Tapering: a pyrrhic exercise or something worthwhile?

4 minute read

Maybe, if a patient is lucky enough to be in remission, we should just be happy.

What to do with patients in remission was never an issue in my first decade in rheumatology, because hardly anyone ever got there and generally everyone was very pleased when they did.

I still had a few episodes that taught me a couple of key rules in the management of rheumatoid arthritis.

The first is, “if it ain’t broke, don’t try and fix it” – i.e. if someone is lucky enough to be in remission, and their corticosteroid dose is at a level regarded as safe, then it is best to resist all temptation to change as it will usually end badly if you give in.

The second rule, which came with the advent of biologic therapies, was that rheumatoid arthritis should be treated like a good husband – i.e. kept firmly under the thumb and given no freedom, because patients with grumbling disease always got worse in my experience, thus a treat-to-target approach is a good thing.

Those of you with some interest in history may remember that Australia did a trial of this in the early 2000s, funded by Sanofi, and it showed no benefit because we were already pretty aggressive at getting disease under control.

Tapering was always a bit opaque in my view but has certainly spawned a lot of research endeavour. I could understand the need/desire to decrease prednisone to safe doses (a daily dose of 3mg is my definition for this in most, but not all, patients).

Nearly all the biologics are steroid sparing, so this is an achievable aim in most patients.

Tapering MTX seemed frankly silly. This drug is needed with most modern therapies (apart from JAKs and IL-6 blockers) for best efficacy and has a substantial protective effect on mortality in multiple studies, so it should be among the last to be stopped (but, of course, this is not what our patients want).

Then there is the drive to taper biologics and targeted synthetics primarily driven by cost in my view. Every trial in rheumatoid arthritis shows that tapering/cessation of biologics virtually always results in a higher flare rate so why would you do it?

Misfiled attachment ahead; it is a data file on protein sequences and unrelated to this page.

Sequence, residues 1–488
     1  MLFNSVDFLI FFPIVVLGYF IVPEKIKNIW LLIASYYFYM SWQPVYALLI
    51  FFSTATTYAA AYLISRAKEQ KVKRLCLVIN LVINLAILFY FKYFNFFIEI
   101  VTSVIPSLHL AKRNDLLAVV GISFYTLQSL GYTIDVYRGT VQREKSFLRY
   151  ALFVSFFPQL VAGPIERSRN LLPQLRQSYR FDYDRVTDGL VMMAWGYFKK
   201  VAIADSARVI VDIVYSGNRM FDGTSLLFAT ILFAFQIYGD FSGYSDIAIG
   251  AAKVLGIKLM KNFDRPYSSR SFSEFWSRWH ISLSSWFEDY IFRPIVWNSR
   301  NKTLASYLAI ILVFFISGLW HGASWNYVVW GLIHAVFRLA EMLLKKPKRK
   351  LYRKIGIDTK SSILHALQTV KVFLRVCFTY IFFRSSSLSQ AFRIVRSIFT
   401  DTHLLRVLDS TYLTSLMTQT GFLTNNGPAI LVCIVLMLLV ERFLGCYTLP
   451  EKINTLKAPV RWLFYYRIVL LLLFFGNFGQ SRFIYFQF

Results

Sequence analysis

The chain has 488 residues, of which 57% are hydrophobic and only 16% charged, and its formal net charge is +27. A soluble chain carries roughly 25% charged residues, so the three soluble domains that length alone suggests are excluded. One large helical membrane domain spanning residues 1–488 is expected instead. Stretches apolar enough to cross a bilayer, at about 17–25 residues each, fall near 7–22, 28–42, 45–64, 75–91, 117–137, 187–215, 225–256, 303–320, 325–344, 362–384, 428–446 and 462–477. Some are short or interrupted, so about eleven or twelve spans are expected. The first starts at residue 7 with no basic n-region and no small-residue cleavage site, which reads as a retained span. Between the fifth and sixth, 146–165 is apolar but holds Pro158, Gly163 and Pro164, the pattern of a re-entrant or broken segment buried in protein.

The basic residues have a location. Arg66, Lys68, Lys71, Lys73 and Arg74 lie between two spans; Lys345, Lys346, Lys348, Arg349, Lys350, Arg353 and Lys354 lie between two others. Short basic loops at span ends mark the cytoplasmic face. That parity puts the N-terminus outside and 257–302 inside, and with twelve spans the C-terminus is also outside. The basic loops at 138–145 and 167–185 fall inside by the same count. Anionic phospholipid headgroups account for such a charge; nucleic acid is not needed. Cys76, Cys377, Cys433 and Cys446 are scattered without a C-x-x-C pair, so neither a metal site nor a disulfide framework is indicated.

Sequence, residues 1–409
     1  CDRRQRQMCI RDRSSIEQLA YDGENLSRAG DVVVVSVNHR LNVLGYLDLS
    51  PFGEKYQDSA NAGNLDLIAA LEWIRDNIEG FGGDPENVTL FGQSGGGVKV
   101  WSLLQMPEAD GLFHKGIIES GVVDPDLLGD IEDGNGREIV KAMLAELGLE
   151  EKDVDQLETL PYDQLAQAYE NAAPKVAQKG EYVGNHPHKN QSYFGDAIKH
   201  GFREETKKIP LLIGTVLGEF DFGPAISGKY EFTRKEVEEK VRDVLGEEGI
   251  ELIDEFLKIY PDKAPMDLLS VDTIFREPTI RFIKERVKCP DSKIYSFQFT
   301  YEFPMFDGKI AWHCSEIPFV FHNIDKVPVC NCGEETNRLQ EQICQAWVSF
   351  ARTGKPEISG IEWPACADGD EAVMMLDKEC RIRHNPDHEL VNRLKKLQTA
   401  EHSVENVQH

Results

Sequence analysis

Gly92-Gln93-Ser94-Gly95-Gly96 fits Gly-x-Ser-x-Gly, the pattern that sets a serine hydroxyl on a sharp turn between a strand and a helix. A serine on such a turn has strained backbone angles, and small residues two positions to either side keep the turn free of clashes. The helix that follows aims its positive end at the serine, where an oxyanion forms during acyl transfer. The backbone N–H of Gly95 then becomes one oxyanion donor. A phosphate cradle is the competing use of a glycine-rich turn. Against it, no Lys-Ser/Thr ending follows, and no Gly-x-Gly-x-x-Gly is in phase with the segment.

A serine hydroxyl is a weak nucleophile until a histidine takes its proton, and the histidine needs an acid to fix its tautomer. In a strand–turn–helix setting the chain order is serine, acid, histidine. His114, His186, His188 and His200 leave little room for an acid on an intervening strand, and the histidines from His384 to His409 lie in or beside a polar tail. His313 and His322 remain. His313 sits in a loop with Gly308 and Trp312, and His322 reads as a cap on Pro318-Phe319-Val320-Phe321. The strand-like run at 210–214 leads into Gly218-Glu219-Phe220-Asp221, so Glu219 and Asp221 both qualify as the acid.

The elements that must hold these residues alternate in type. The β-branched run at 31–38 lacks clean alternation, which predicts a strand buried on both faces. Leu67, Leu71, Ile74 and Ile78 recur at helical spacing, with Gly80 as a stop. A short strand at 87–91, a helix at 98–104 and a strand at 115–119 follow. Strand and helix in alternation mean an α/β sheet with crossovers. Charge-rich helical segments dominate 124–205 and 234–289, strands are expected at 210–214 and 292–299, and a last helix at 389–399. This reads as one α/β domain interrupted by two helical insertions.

The only exception in my view is seronegative rheumatoid arthritis in remission for longer than six months. This group have an 80% chance of coming off therapy, but no-one else has, and very few of these are actually on biologics as they usually have milder disease.

In psoriatic arthritis and ankylosing spondylitis, the data is a bit less clear cut, and I am sure many of you have patients who have successfully spread out dosing given we have no option to decrease dose while keeping the frequency the same. The PBS doesn’t like either of these approaches, wanting an assessment every 6 months regardless of how long the script lasts, but why would they be worried about lowering health costs?

So, in this context, it was refreshing to see the recent high-quality trial in the Annals of the Rheumatic Diseases.

They randomised a treat-to-target approach to decreasing TNF use by progressively increasing treatment interval in those with psoriatic arthritis and axial spondyloarthritis in low disease activity.

This essentially confirmed a very small worsening in disease activity (a 5% difference, which was non-inferior, and maybe some worsening of radiographic progression in psoriatic arthritis) with an almost halving of TNFi usage.

They claim this will decrease cost, patient burden and adverse events, but I only really agree with the first.

This seems achievable in clinical practice, and I think it warrants consideration in those with milder disease who are doing well. With all the others, achieving remission is a great outcome – so be happy.

Reference: Michielsens CA, den Broeder N, van den Hoogen FH, et al. Treat-to-target dose reduction and withdrawal strategy of TNF inhibitors in psoriatic arthritis and axial spondyloarthritis: a randomised controlled non-inferiority trial. Annals of the Rheumatic Diseases 2022;81:1392-1399.

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